A state appellate court dropped a bomb late Thursday on the early stages of the state’s plan to divert fresh Northern California water under or around the Sacramento-San Joaquin Delta on its way to Central and Southern California.
On a 2-1 decision, a three-justice appeal panel in Sacramento ruled the California Constitution bars the state from entering private properties to do preliminary soil testing and environmental studies unless it wants to condemn affected sections of the parcels through its power of eminent domain.
The ruling on soil testing affirms a 2011 decision by a retired Superior Court judge sitting in San Joaquin County. The ruling on environmental studies reverses a separate 2011 ruling by the same judge.
Judge John P. Farrell, retired from the Los Angeles Superior Court, was appointed by the chief justice of the California Supreme Court to handle the issue.
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The state does not want to condemn, acquire and pay for property that it has not yet decided will be used for a tunnel or canal diversion project. But the two-justice majority of the 3rd District Court of Appeal panel said in a 44-page opinion that drilling to test the soil and tramping around to survey the environment are legal “takings” of property and must be done in accord with procedures spelled out in California’s Eminent Domain Law.
The “land-entry statutes” relied on by the state Department of Water Resources do not apply to those activities because they fail to “provide for a condemnation suit in which the landowners receive all of their constitutional rights against the state’s exercise of its eminent domain authority, including the right to a jury determination of just compensation for a direct and permanent taking,” said the majority.
The state wants to enter private land and drill for soil samples, as deep as 200 feet, to find the best route for a canal or tunnel to divert a portion of the Sacramento River’s flow out of the environmentally sensitive estuary and directly into state and federal Delta water diversion pumps near Tracy. The drilled holes would be left filled with concrete.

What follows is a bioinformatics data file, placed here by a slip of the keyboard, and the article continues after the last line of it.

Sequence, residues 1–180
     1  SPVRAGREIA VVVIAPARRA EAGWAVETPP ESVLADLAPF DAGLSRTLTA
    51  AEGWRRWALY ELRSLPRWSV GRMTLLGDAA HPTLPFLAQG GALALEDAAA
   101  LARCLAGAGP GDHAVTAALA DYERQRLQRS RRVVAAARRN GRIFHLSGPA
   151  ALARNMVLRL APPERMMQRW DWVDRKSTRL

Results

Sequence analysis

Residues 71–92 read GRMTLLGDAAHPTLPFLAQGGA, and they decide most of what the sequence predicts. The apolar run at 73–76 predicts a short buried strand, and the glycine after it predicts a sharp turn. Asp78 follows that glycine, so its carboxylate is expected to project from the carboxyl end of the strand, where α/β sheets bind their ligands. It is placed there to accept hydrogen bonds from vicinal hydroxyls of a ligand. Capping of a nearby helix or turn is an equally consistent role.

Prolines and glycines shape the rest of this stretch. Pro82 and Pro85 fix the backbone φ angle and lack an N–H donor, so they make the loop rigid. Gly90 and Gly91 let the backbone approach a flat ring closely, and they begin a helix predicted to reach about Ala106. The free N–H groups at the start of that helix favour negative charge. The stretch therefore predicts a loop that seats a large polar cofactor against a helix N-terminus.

Water authorities also want to enter the properties to determine each parcel’s botany and hydrology; the presence of sensitive plant and animal species; the existence of vernal pools, wetlands and other animal habitat; the extent of cultural resources and utilities; and potential for recreational uses.
The majority noted the environmental crews would take minor soil samples, observe and trap certain animals and access the properties by motor vehicle, on foot, and by boat when necessary. If the state wants to “perform actions that will result in the acquisition of a property interest, permanent or temporary, large or small, it must directly condemn those interests and pay for them,” the majority opinion declared.
The litigation involves more than 150 owners of more than 240 parcels in Sacramento, San Joaquin, Yolo, Solano and Contra Costa counties. The properties total tens of thousands of acres used primarily for commercial agriculture, cattle ranching and recreation.
There is a strong possibility that the state will seek review of Thursday’s opinion at the California Supreme Court, and the opinion is likely to cause a substantial delay of the project. The majority opinion was authored by Associate Justice George Nicholson, who was joined by Associate Justice Andrea Lynn Hoch.
In a dissent two pages longer than the majority opinion, Acting Presiding Justice Cole Blease took strong exception to the reasoning of his colleagues. Blease quotes the land-entry statutes as allowing an entity with eminent domain power to go on property “to make photographs, studies, surveys, examinations, tests, soundings, borings, samplings, or appraisals ... reasonably related to (possible) acquisition or use of the property.”
The majority’s ruling “clearly was not the purpose of the Legislature in enacting a procedure for preliminary (study), which provides notice and payment to the owner and a procedure for ensuring that the testing is reasonably necessary, without obligating the (public entity) to file a traditional condemnation proceeding,” Blease wrote.
“We should construe the entry statutes as constituting an eminent domain proceeding,” he wrote. “This is a logical and reasonable construction, and one that comports with the legislative history of the statutes.”
Such an outcome, Blease added, would result in a proper interpretation of the entry statutes and the state constitcution and avoid the erroneous conclusion that the statutes “are entirely void.”